Full-day kindergarten is actually quite common in other Canadian provinces. In eight out of 13 provinces and territories, full-day kindergarten is widely available or even the norm. In Alberta, studies have shown that disadvantaged students benefit greatly from full-day kindergarten, which helped narrow the gap between them and other students. There are so many reasons why Manitoba should make full-day kindergarten more widely available, and it is time for the Progressive Conservative government to invest seriously in our children and families by helping them to have the best possible academic and economic outcomes.

More of the same from Stefanson government

Nahanni Fontaine 3 minute read Preview

More of the same from Stefanson government

Nahanni Fontaine 3 minute read Thursday, Dec. 23, 2021

Last month, we held an abbreviated session in the Manitoba Legislative Assembly. This session, however, was a historic sitting as the first woman premier in Manitoba’s history — Heather Stefanson — was sworn in to office.

Once again, congratulations to the new premier.

Sadly, we quickly saw just how similar Premier Stefanson is to the former premier, her mentor Brian Pallister. Throughout the session, I watched the new premier dodge question after question about what her government plans to do to mitigate the fourth wave of the COVID-19 pandemic. I watched as Premier Stefanson steadfastly refused to implement a vaccine mandate for personal care home staff, thus putting our seniors and elders at risk.

But the clearest example of how the Stefanson government is little more than a repeat of Pallister’s came on the first day of the session in her government’s first speech from the throne. Unfortunately,the throne speech failed to address many of the urgent and critical issues faced by Manitoba families, such as the rising cost of living and health-care cuts, including cuts made while Premier Stefanson was health minister.

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Thursday, Dec. 23, 2021

Last month, we held an abbreviated session in the Manitoba Legislative Assembly. This session, however, was a historic sitting as the first woman premier in Manitoba’s history — Heather Stefanson — was sworn in to office.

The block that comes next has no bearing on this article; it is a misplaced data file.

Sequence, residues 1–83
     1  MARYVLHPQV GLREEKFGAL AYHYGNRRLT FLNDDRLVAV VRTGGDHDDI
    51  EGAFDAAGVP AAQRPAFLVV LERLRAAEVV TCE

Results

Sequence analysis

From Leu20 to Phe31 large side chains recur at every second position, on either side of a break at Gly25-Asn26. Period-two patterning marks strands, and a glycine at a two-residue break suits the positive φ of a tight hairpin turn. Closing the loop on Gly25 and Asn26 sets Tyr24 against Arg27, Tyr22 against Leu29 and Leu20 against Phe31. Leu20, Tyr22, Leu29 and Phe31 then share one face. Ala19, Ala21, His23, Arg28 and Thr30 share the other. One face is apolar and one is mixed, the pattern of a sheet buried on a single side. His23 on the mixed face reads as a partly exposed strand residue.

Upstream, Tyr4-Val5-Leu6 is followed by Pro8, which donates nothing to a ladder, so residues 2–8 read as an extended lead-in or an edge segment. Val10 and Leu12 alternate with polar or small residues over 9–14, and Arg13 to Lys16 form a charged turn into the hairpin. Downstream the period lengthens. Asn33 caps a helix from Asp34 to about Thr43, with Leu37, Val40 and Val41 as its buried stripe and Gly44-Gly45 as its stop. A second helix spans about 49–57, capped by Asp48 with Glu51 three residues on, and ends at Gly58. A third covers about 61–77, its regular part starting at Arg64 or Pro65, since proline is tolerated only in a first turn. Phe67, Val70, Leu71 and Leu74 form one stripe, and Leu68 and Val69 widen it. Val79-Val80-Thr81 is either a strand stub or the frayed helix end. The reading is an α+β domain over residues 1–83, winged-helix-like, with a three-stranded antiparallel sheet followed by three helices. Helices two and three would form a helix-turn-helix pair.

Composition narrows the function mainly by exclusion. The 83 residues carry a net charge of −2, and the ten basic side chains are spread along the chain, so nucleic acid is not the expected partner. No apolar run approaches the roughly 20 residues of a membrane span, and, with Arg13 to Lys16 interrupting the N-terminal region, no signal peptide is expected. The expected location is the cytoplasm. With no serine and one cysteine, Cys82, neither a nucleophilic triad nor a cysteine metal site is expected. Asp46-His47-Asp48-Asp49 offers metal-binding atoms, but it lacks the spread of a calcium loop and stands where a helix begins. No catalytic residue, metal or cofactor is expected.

Once again, congratulations to the new premier.

Sadly, we quickly saw just how similar Premier Stefanson is to the former premier, her mentor Brian Pallister. Throughout the session, I watched the new premier dodge question after question about what her government plans to do to mitigate the fourth wave of the COVID-19 pandemic. I watched as Premier Stefanson steadfastly refused to implement a vaccine mandate for personal care home staff, thus putting our seniors and elders at risk.

But the clearest example of how the Stefanson government is little more than a repeat of Pallister’s came on the first day of the session in her government’s first speech from the throne. Unfortunately,the throne speech failed to address many of the urgent and critical issues faced by Manitoba families, such as the rising cost of living and health-care cuts, including cuts made while Premier Stefanson was health minister.

Appreciating our health-care workers

Cindy Lamoureux 3 minute read Preview

Appreciating our health-care workers

Cindy Lamoureux 3 minute read Thursday, Dec. 23, 2021

Our health-care system is essential to a functioning province and that is why our health-care workers deserve to be treated fairly and with the utmost respect. Furthermore, they deserve to be properly thanked and acknowledged for the work they have been doing and continue to do to keep Manitobans safe and healthy.

For nearly two years now, amidst the COVID-19 pandemic, people working in our health-care system have been forced to work long shifts, put themselves in vulnerable situations and sacrificed so much of their own lives. They workers have given time, put themselves at greater health risks and sacrificed not being at home with their families as much. We all need to be concerned that our health-care workers are not overcome by pandemic fatigue.

I believe that sometimes it can be easy for us to take our health-care system for granted. Many of us who were born and raised here in Canada have never feared not being able to access health-care resources. Today that is changing — just look at the growing number of procedures being delayed because of COVID. The pandemic means our resources are sparse, and we all need to do our part in this pandemic by trying our best not to spread the virus. Being fully vaccinated and getting a booster shot is important — but we can still do more.